Electric System Reliability Task Force Completes Final Report
On Tuesday, September 29, the Secretary of Energy Advisory Board’s (SEAB) Task Force on Electric System Reliability conducted its final meeting in Washington, DC and approved its final report.
The Task Force’s final 150 page report, “Maintaining Reliability in a Competitive U.S. Electricity Industry: Final Report of the Task Force on Electric System Reliability,” dated September 29, 1998, addresses the critical institutional, technical and policy issues related to maintaining bulk-power system reliability in the context of a more competitive electric industry. It will be submitted to the Chairman of the Secretary of Energy Advisory Board and Secretary Richardson following the incorporation of the final Task Force review comments.
Printed copies of the Report can be obtained from Richard Burrow, SEAB, (202/586-1709 or Richard.Burrow@hq.doe.gov).
Inquiries regarding the Report can be directed to Paul Carrier (202/586-5659 or Paul.Carrier@hq.doe.gov).
Here is a Reuters news story about the report:
Competition won’t hurt power reliability, DOE told
WASHINGTON, Sept 29 (Reuters) – A Department of Energy advisory panel on Tuesday said opening the nation’s bulk-power markets to competition should not damage reliability of electric supply, although deregulation is a complex task.
Ending a 21-month investigation, the DOE task force concluded that the “viability and vigor of commercial markets must not be unnecessarily restricted,” and market forces now being implemented depend on fair and open access to the transmission grid.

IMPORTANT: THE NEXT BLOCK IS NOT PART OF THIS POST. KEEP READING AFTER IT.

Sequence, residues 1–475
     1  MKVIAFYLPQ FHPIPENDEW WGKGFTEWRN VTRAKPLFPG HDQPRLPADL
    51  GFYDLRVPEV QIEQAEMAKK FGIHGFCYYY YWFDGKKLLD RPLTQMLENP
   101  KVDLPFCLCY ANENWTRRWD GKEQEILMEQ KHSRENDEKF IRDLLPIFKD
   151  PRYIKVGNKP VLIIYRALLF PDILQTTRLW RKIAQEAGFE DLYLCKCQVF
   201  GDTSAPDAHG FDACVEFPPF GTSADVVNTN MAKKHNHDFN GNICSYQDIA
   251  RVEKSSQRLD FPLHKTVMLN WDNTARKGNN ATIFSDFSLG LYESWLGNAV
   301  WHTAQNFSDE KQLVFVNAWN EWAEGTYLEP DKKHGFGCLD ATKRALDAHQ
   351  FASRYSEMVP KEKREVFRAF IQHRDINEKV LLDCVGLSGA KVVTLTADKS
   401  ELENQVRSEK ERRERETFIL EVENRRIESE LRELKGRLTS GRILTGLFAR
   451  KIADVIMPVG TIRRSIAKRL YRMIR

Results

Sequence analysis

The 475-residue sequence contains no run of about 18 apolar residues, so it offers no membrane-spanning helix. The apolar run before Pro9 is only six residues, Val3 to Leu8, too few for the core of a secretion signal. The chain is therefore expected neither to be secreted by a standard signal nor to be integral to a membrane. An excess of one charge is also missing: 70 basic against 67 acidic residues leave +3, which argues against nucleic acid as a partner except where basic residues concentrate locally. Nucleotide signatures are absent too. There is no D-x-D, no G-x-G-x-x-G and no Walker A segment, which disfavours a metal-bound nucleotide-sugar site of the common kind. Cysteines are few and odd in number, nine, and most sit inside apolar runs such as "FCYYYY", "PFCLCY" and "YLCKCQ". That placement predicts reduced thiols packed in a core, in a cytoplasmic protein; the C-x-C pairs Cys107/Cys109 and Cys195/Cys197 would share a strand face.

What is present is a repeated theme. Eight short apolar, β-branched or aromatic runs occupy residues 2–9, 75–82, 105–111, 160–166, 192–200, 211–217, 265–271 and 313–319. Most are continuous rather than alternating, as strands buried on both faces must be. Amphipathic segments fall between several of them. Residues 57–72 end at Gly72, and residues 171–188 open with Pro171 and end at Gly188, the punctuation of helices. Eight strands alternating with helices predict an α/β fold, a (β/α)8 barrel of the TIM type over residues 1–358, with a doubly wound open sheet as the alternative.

“The traditional reliability institutions and processes that have served the nation well in the past need to be modified to ensure the reliability is maintained in a competitively neutral fashion,” the task force report said.
The group, officially called the Secretary of Energy Advisory Board’s Task Force on Electric System Reliability, was formed to address the question of whether consumers would be able to count on electricity service after restructuring.
The task force began its work as a result of concerns raised after power outages in Western states during the summer of 1996. It is chaired by Dr. Philip Sharp, a lecturer in public policy at Harvard’s Kennedy School of Government.
At the time the task force was formed, the DOE asked the group to define an agenda “to address relevant technology development and analysis tools, control schemes, operating practices and data requirements for ensuring reliability under changing industry structure and regulation.”
The report also said there is uncertainty regarding statutory and regulatory authority over reliability management, which was being exacerbated by the unbundling of vertically integrated utility functions.
The group said commercial markets should develop economic practices consistent with the mutual interests of the participants, ensuring grid reliability maintenance.
The role of the North American Electric Reliability Council (NERC) must also adapt to an increasingly decentralized and competitive industry, the report said. The NERC represents wholesale power systems in 10 regions in the U.S. and most of Canada.
Other findings praised the implementation of Independent System Operators, and said competitive markets should be created for ancillary services, like load following, spinning reserve and loss replacement.
Of the numerous recommendations supplied by the task force, the report highlighted the group’s confidence that the Federal Energy Regulatory Commission and a restructured North American Electric Reliability Organization can maintain performance.
During the transition from monopoly markets to open competition, the task force said electric utilities should open their transmission systems to others and in many cases divest their generating assets.